J. Crew has always led the way when it comes to offering sweet clothing pieces that toe the line between preppy and professional and trendy.
But in recent years, the outlet has suffered a bit from store closures, layoffs, and the loss of creative director Jenna Lyons, who was largely responsible for J.Crew’s successful direction, according to Racked. It didn’t help that while a younger generation started clamoring for athleisure and even more affordable clothing, J. Crew continued to be known for slightly pricier, more tailored and groomed pieces.
But don’t count J. Crew out just yet. The retailer, which carries women’s, men’s, and children’s clothing, as well as swimsuits, shoes, accessories, and even relatively affordable wedding gowns, has held a place in customer’s hearts since it opened its first shop in New York City in 1989—and it’s keen on bringing back it reputable name to appeal to a new generation of shoppers.’
J.Crew’s New Loyalty Program
What Kinds Of Changes Can You Expect From J. Crew?
Basically, J. Crew is relaunching a brand new J. Crew in September, complete with a new points-based loyalty program that can save you money and get you even more excited about shopping its merchandise.
“Beginning this fall, we’re excited to bring new, expanded collections and enriched brand experiences that fully embrace and celebrate the diversity of our customers; offering them innovative and fulfilling ways to engage with the brand,” J.Crew told Racked. “We are confident this evolving direction will be something both longtime J.Crew loyalists and new customers will eagerly engage with.”
Here’s what you need to know about J. Crew’s new loyalty program.
J. Crew Will Likely Draw Inspiration From Madewell
It’s worth noting that J. Crew isn’t exactly an open book when it comes to sharing the nitty-gritty details of its upcoming relaunch. So far, we know that a “data-driven personalization engine” and loyalty program are the retail outlet’s most exciting updates and improvements. And, according to Fast Company, shoppers should probably assume the loyalty program will mimic Madewell’s successful points-based program.
J. Crew has owned Madewell since 2004, when it bought the legendary brand and put it to amazing use marketing clothing to a younger audience of women. Perhaps because of its more affordable pricing and casual clothing, which includes sought-after jeans styles, Madewell has prospered. It’s still a guess, but it makes sense to assume J. Crew will draw inspiration from Madewell’s rewards loyalty program.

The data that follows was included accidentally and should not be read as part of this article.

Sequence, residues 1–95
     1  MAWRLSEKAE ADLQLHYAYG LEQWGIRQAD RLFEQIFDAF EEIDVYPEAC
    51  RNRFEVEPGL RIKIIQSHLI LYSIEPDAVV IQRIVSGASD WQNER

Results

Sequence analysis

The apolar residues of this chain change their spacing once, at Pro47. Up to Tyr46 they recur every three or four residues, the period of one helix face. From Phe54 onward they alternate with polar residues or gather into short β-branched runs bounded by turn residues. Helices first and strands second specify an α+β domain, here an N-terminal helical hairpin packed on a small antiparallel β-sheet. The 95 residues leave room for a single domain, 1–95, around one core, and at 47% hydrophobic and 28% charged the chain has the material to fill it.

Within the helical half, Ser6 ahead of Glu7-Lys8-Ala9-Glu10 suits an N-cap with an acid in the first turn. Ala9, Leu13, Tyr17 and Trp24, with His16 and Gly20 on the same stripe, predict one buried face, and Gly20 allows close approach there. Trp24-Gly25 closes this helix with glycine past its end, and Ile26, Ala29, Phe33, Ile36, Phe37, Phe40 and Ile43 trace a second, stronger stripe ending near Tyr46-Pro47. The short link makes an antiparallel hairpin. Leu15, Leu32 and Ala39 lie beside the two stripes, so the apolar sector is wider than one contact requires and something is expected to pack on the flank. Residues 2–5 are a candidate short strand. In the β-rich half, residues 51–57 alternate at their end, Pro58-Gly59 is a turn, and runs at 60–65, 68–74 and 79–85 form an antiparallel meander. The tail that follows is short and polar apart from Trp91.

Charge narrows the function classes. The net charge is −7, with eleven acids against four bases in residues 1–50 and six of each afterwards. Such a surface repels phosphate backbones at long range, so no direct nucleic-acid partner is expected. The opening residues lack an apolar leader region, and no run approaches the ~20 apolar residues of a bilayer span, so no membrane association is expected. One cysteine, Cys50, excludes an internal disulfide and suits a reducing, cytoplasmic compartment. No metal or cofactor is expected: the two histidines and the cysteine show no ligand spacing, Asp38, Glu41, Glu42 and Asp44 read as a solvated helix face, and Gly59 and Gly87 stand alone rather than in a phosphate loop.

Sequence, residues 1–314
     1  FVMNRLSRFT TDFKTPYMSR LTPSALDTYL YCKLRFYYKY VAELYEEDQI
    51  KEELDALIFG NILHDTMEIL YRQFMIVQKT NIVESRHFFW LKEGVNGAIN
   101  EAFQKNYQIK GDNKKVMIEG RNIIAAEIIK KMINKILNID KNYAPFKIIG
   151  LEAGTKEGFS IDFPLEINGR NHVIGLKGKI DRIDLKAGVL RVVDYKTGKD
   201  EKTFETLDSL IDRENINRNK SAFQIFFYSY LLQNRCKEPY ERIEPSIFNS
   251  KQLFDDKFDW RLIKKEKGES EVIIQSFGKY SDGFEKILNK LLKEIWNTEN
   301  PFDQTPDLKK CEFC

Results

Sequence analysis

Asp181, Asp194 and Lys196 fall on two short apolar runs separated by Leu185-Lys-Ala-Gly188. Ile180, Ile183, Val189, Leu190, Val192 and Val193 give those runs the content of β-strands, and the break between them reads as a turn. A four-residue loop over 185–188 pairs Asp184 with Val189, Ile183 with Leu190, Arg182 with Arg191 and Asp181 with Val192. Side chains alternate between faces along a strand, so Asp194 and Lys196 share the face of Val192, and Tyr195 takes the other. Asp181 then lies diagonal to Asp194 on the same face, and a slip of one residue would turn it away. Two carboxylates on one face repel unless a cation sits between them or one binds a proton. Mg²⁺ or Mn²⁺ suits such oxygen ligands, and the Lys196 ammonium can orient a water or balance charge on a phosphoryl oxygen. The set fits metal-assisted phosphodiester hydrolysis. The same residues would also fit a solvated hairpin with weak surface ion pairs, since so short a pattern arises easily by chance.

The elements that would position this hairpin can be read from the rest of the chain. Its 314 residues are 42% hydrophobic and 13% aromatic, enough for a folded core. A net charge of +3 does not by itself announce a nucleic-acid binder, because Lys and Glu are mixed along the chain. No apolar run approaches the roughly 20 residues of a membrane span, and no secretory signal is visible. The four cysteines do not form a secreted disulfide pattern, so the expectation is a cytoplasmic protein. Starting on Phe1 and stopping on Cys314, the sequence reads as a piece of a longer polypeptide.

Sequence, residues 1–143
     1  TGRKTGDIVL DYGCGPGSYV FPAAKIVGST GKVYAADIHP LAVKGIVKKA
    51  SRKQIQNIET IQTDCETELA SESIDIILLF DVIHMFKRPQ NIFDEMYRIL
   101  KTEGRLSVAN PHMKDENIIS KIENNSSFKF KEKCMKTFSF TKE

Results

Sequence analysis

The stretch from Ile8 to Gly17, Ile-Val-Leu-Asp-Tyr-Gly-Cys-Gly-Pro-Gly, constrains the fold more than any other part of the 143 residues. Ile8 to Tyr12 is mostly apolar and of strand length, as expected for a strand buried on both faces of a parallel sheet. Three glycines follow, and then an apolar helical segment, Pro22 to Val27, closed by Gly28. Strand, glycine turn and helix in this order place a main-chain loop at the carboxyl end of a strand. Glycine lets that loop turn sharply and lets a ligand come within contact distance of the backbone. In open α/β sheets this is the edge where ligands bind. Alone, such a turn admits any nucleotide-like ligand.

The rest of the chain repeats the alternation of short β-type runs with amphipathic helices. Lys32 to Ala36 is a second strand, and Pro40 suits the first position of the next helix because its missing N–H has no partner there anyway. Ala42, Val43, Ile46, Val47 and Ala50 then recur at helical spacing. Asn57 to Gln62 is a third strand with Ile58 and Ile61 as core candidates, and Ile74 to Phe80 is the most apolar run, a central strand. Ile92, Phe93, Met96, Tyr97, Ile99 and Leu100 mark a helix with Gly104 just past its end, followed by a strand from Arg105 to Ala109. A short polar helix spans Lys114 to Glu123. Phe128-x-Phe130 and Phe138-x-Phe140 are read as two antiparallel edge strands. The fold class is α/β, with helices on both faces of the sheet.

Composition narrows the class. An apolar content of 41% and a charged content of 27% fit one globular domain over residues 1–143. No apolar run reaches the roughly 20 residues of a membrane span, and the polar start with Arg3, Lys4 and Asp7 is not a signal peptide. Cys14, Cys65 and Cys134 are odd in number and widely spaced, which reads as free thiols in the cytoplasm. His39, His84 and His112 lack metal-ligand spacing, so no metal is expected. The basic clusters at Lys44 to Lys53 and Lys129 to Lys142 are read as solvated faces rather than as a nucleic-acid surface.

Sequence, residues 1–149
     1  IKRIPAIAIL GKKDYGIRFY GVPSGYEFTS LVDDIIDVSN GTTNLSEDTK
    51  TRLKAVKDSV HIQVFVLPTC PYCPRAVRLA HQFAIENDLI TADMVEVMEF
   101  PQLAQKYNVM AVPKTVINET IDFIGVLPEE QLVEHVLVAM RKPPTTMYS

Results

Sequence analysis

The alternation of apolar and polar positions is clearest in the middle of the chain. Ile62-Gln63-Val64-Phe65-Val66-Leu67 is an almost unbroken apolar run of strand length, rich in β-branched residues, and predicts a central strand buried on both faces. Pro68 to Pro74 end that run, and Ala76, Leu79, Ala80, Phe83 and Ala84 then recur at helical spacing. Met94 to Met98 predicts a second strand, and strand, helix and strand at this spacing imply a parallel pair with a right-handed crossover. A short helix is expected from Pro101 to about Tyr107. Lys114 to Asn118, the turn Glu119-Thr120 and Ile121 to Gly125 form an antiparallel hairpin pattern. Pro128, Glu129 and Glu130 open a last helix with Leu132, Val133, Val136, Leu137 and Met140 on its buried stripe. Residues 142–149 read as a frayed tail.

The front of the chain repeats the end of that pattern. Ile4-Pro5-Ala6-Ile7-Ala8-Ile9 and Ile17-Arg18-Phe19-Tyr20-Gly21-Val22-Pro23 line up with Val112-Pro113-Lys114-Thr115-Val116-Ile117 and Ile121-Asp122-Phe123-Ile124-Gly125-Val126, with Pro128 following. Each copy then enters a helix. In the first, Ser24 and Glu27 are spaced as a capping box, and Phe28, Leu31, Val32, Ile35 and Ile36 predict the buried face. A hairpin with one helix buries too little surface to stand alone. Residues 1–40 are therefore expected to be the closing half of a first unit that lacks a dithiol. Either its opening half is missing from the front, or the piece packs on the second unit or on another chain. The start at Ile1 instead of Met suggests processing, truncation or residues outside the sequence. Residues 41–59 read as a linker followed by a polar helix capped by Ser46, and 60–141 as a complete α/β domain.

The Details Of Madewell’s Loyalty Program
Madewell’s loyalty program is free to join and rewards shoppers based on how much they purchase. After creating an online account or signing up for the program in a store, customers start off as Madewell Insiders who get a free birthday gift, monogramming, free returns, hemming on jeans that are too long, early access to exclusive collaborations, invitations to special events, and free economy shipping and handling. If you spent $500, you move up a notch and become a Madewell Muse, which grants you the same perks, with the addition of free standard shipping and handling, a dedicated concierge phone line, and an annual collectible tote. And after you spend $1000, you become a Madewell Icon and benefit from free expedited shipping, and a free semiannual gift (in addition to the rest of the benefits enjoyed by members).
When you sign up, you are placed in the tier that corresponds with the total price of the merchandise you’ve purchased within the last 12 months. And if you do return an item, that amount is deducted from your account.
According to Racked, J. Crew president and COO Michael Nicholson said J. Crew is looking to mimic Madewell’s model, but that its points program will be “going beyond typical incentives and rewards.”
Women's 1988 Rollneck Sweater ($79.50)
J. Crew Has Already Started Making Changes
You may not have even noticed, but J. Crew has been quietly making changes leading up to its big relaunch. In 2015, J. Crew launched a cheaper clothing option called Mercantile that was supposed to be sold only in J. Crew outlets and at Mercantile stores, but will now be offered as part of J. Crew’s collection.
Other components of what Nicholson calls J. Crew’s “transformation plan” include three new categories: a swimwear line called Playa, an intimates collection of pajamas and lingerie, and J. Crew Heritage, which carries traditional J. Crew garb like rolled neck sweaters and blazers.
Expect full J. Crew updates to start taking effect in September 2018.
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